Prowers County Drafting Fireworks/Fire Ban Ordinance

Governor Hickenlooper’s executive order from June 14, prohibiting open burning and private use of fireworks throughout Colorado, will not impact the municipal fireworks displays for Lamar Holly and Granada, according to Prowers County Sheriff, Jim Faull.  The sheriff and Staffon Warn, Prowers County Rural Fire Chief, discussed the order regarding the approaching holiday with the commissioners as well as agricultural applications of the governor’s ban.

“The local fire departments take exceptional care to make sure there are safeguards against any small fires breaking out from these local public displays,” he told the Prowers County Commissioners, Thursday, June 21.  But he added, “As far as the rest of the county is concerned, there will not be any fireworks of any kind allowed.  Nothing that burns or has to be lit will be allowed in the county.”  Despite the statewide ban, there are still fireworks for sale.  Faull added, “I can’t understand why they just didn’t take the extra step to prohibit sales of fireworks if they’re going to ban them in Colorado.  It’s beyond me!”  The governor’s ban also states that if a major fire breaks out from such an event, or even from weed control in irrigation ditches, the state can lend firefighting aid, but it will charge the municipality for the cost.

Faull is reviewing a county ordinance dealing with the ban of fires which will be considered by the commissioners at their Tuesday meeting, June 26.  The commissioners stated that they want to have local control over burn regulations. Counties have the ability of enacting stricter rules governing open fires than the state, but they cannot enact an ordinance that weakens the provisions set forth by the Governor.  The call for stronger measures is usually made when a community decides that a more restrictive ban is appropriate and warranted, given fire danger conditions in their areas.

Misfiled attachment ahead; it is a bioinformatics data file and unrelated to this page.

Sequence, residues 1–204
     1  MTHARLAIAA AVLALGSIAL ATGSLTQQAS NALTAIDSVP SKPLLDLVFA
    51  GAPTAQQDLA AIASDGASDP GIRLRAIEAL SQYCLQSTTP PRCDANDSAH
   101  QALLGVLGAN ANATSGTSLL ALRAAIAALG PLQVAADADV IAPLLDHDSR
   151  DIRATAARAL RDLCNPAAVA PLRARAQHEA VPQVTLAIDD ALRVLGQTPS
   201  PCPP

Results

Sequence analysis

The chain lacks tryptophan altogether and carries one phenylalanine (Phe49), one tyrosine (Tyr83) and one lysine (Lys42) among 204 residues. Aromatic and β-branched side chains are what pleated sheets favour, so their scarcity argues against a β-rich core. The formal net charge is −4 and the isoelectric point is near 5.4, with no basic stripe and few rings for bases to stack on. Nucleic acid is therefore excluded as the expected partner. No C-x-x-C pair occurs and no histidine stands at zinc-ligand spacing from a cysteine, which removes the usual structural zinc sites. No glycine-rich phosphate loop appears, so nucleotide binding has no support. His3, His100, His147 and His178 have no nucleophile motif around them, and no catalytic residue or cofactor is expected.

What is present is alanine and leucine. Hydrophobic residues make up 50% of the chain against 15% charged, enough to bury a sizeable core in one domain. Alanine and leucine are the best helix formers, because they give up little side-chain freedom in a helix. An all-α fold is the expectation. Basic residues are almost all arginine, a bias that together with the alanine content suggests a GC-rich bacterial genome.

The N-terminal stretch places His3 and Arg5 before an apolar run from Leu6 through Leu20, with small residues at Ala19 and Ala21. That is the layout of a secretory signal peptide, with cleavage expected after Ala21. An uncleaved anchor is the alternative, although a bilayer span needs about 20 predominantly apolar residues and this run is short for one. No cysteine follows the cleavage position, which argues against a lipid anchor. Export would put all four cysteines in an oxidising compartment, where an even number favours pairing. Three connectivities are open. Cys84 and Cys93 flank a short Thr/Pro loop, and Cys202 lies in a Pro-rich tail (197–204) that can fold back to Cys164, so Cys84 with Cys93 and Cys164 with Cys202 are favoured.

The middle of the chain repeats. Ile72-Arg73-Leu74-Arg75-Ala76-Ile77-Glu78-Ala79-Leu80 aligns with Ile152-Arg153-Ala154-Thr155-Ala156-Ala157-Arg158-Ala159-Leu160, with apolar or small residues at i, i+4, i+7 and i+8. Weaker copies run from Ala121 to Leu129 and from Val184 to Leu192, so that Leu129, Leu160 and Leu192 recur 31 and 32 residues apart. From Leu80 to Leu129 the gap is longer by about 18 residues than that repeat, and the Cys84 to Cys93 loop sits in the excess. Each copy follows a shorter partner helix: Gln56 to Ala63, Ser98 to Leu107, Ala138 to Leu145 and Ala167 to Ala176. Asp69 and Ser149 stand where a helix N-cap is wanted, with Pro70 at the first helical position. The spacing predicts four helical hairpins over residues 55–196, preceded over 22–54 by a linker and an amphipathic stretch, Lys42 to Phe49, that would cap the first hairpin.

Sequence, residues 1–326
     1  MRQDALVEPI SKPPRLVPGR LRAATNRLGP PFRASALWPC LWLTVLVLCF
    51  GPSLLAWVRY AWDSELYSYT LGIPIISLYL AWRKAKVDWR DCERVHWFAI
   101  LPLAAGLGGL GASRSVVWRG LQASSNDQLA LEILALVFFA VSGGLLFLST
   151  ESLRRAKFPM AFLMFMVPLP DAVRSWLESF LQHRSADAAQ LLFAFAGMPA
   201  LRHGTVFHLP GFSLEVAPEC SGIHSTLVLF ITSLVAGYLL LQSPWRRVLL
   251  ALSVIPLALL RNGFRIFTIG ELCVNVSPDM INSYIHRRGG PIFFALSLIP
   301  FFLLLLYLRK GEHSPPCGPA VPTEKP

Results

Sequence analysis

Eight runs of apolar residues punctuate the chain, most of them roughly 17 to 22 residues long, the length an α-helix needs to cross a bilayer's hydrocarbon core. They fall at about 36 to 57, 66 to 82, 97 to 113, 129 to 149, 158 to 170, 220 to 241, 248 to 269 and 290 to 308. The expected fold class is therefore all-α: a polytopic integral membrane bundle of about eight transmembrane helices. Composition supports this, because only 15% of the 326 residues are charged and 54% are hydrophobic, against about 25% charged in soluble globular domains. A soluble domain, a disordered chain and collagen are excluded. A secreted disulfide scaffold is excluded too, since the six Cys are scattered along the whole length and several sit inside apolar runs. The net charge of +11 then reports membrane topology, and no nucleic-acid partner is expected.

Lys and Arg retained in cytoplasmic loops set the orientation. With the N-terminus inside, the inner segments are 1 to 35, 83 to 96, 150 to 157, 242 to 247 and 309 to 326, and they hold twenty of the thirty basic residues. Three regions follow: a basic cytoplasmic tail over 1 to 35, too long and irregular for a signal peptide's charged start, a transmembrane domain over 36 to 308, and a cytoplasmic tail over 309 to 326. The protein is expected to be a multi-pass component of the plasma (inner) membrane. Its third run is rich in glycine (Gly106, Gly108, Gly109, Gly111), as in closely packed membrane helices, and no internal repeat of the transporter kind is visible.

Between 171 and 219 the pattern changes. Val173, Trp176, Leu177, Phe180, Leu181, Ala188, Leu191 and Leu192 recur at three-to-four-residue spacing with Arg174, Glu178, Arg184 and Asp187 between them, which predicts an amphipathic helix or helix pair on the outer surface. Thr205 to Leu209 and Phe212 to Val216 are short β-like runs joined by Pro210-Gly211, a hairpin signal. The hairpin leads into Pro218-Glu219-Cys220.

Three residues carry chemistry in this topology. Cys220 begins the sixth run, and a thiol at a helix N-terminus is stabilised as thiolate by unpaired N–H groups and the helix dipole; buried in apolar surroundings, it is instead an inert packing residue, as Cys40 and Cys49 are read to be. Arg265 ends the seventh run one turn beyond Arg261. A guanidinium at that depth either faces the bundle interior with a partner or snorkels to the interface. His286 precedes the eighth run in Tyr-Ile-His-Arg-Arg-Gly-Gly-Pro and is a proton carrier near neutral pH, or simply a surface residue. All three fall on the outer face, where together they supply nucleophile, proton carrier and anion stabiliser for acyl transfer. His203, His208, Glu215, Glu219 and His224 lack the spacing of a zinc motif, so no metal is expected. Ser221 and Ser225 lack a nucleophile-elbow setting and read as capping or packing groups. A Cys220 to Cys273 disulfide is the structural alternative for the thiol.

The sheriff explained that trash pits and burn barrels are also prohibited right now.  He explained that farmers need to call the dispatch center even when they’re conducting an allowable burn, in part because their location must be put on the map for that particular day for fire department information.  The county ordinance will go into specific detail, regulating just what type and size of screen can be used for burn barrels and that they must always be attended when in use, or the size of an area that needs to be cleared of debris for outdoor welding jobs.

The county’s ordinance, which mirrors the one in effect in Otero and Pueblo Counties, will regulate fires year round, as well as have the ability to prohibit the sale of fireworks.  The sheriff’s department will also be able to cite those folks who are violating the new ordinance.  It will be in effect for the unincorporated areas of the county, according to Sheriff Faull.  County Attorney, John Lefferdink is expected to have the final draft ready for action by the commissioners on June 26.

By Russ Baldwin

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